The attack on Transportstyrelsen came a day after the IT systems of Sweden’s Transport Administration (Trafikverket), which monitors railway traffic, was attacked by hackers leading to delays in trains schedule.
“I can confirm that in the morning we had something that was judging by a congestion attack,” Transport Agency Press Officer Mikael Andersson told Swedish public broadcaster SVT.
It is unclear who was behind the attacks or what were the motives of the attackers. However, this is the second time in the last four months that Sweden’s Transport Agency Transportstyrelsen is in the news for cyber attacks against its cyber infrastructure.
Patrik Gylesjö, deputy CEO of internet provider DGC told Computer Sweden “It could be a prank or someone trying to investigate what kind of protection Trafikverket has.”
In a successful DDoS attack, online service is forced to go down by overwhelming it with traffic from multiple sources.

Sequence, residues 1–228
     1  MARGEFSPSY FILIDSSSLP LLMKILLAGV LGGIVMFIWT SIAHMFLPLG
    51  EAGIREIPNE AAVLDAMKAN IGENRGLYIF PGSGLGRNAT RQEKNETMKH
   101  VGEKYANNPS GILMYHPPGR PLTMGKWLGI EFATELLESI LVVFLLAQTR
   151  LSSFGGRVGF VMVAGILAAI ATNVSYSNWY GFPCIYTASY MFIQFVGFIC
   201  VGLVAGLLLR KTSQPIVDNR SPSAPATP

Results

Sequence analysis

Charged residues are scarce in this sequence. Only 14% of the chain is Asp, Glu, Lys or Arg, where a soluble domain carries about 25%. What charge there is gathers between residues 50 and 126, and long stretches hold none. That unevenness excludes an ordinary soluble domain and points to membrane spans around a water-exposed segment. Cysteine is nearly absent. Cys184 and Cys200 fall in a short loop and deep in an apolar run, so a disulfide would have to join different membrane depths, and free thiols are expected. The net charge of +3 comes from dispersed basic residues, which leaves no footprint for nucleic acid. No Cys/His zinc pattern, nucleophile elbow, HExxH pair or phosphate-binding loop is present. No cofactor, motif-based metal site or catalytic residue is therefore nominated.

In July this year, it was reported that a massive trove of data belonging to Transportstyrelsen was mistakenly uploaded to a cloud server. The data contained vehicle and personal information of almost every citizen in the country including the military and police officials.
Although the investigation is still in process, initial checks discovered that the exposed data includes names, addresses, and pictures of millions of citizens, details about people listed in police registers and government military vehicles, driver’s license records of fighter pilots of the Swedish air force, personal details of military members in secret units and data on critical infrastructure in Sweden including roads and bridges.
If you are running a business; calculate the cost and probability of a DDoS attack on your business with this DDoS Downtime Cost Calculator.